Egypt says NO to European immigration centers within its boarders


In a statement to AFP, Ahmed Abu Zeid spokesperson of the Egyptian ministry of foreign affairs said on Friday: “The Egyptian position in relation to immigrants and refugees is clear to all.  The Egyptian laws are consistent with the international ones and with international agreements in this regard.”  He added: “This position is based on refusing the establishment of any refugee or immigrant camps nor isolating them in anyways shape or form.”   He emphasized that his country’s policy is to integrate immigrants  and facilitate them with residents rights, El-Youm7.   This announcement came only one day after Chancellor Angela Merkel unveiled immigration plan to political allies in Germany.  According to DW German newspaper Merkel has secured the consent of 16 European Union member states for the rapid return of migrants who first arrived in other countries, according to a document seen by German news outlets on Saturday. The countries listed are Hungary, Poland, the Czech Republic, Belgium, Denmark, Estonia, France, Finland, Lithuania, Latvia, Luxembourg, the Netherlands, Portugal and Sweden.  The document also calls for large “anchor centers” to be set up at Germany’s border to process migrants. According to German news agency DPA, another facet of her plan is to send German police to Bulgaria to assist in patrolling the EU’s outer border. A deal has reportedly already been reached with Sofia.  “We must also be prepared to help support Slovenia and Croatia with border control if necessary,” she said.  The chancellor also intends to reinforce Frontex, the EU border security forces, active on Greece’s borders with Macedonia and Albania, before the end of August.  Furthermore, the letter to collation allies included seeking the establishment of immigrant reception centers in North African countries that would serve as third party asylum application processing centers before going to Europe.  Egypt and four other countries (Albania, Morocco, Tunisia and Algeria) have said they will refuse to host migrants aiming for the European Union.  “EU reception facilities for migrants in Egypt would violate the laws and constitution of our country,” Egyptian Speaker of the House of Representatives Ali Abdel Aal, to Germany’s Welt am Sonntag newspaper  DW.

On June 29th the Washington Post published an article titled “Europe wants to outsource asylum processing. Critics say it’s abdicating its responsibilities.”  In the article Chico Harlan and Sudarsan Raghavan said critics, including some politicians and analysts, say that Europe risks abdicating its responsibility at a time when migrant flows are drastically reduced from their 2015 peak, and that it would be inviting additional challenges with facilities hosted by poorer and less-stable countries, where people — including minors — could languish in unsafe conditions.  They quoted  Jill Goldenziel, an associate professor at the Marine Corps University, who is writing a book on the global migration crisis. “Europe would be required to maintain its own standards. It is incredibly hard to guarantee that, and particularly hard in a place like Libya or other developing countries that don’t adhere to the same human rights standards.”  They lead with that to mention that U.S. and Mexican officials have been discussing, in recent weeks, a “safe third country” agreement, which could require Central American migrants crossing through Mexico to apply for settlement there and allow the United States to send back asylum seekers who do not do so. The United States and Canada have a similar agreement in place.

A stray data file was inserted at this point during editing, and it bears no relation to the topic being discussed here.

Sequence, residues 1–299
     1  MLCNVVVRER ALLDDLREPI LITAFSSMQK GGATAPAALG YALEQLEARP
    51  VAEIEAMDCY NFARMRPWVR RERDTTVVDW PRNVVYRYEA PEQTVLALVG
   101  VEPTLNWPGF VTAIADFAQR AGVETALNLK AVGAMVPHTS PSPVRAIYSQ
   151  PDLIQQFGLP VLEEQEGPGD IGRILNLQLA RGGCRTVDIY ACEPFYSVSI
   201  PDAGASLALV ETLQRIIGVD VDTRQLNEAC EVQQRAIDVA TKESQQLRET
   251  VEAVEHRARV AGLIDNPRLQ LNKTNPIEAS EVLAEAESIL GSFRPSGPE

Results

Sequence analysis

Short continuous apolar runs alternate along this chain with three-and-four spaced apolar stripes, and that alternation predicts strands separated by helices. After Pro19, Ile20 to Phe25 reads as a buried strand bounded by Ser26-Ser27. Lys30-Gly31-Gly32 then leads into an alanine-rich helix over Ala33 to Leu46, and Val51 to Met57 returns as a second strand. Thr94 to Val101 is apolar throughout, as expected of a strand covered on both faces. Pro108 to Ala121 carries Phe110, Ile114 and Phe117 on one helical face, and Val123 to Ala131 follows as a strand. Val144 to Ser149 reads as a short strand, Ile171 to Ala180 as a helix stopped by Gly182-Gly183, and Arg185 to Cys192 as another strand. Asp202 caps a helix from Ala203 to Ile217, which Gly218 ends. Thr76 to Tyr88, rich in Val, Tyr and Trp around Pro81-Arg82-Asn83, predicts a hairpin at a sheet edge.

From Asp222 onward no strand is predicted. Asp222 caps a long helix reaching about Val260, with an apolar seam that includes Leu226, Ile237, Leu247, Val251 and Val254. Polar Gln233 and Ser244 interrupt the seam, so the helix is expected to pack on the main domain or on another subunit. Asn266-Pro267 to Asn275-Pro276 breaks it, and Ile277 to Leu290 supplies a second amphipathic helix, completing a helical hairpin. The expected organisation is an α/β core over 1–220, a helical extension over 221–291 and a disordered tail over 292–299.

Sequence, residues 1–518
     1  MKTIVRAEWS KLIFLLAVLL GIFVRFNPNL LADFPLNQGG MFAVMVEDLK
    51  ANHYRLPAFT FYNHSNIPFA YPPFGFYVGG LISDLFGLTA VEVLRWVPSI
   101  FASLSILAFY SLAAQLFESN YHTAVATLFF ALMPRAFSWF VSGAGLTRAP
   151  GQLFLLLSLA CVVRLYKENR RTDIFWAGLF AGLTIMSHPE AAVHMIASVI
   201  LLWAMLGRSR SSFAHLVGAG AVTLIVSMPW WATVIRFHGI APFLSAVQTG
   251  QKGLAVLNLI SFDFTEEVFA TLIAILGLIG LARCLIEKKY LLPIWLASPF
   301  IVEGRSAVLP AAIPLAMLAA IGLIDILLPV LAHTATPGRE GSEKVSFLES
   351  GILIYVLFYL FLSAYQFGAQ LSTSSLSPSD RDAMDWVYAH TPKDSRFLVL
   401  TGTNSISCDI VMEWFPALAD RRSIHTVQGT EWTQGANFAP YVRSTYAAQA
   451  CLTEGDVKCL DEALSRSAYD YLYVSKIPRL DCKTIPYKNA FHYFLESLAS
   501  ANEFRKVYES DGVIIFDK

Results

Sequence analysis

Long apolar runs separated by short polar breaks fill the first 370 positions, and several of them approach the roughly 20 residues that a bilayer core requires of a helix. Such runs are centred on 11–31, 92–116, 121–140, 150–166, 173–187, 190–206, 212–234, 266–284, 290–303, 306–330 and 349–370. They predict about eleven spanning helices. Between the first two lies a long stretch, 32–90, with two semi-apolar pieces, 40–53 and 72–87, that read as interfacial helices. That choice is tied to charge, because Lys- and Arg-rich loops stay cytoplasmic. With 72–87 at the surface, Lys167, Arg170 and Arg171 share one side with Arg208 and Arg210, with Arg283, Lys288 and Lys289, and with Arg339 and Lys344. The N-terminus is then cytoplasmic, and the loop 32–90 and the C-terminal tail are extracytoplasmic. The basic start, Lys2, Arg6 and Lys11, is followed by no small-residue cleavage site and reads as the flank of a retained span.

They added that such an agreement if reached with the Mexican government would benefit the Trump administration by shrinking the number of Central American asylum seekers applying to live in the United States, but it remains unclear whether Mexican officials will embrace such a plan or whether they intend to use it as leverage in the ongoing trade talks with Washington.


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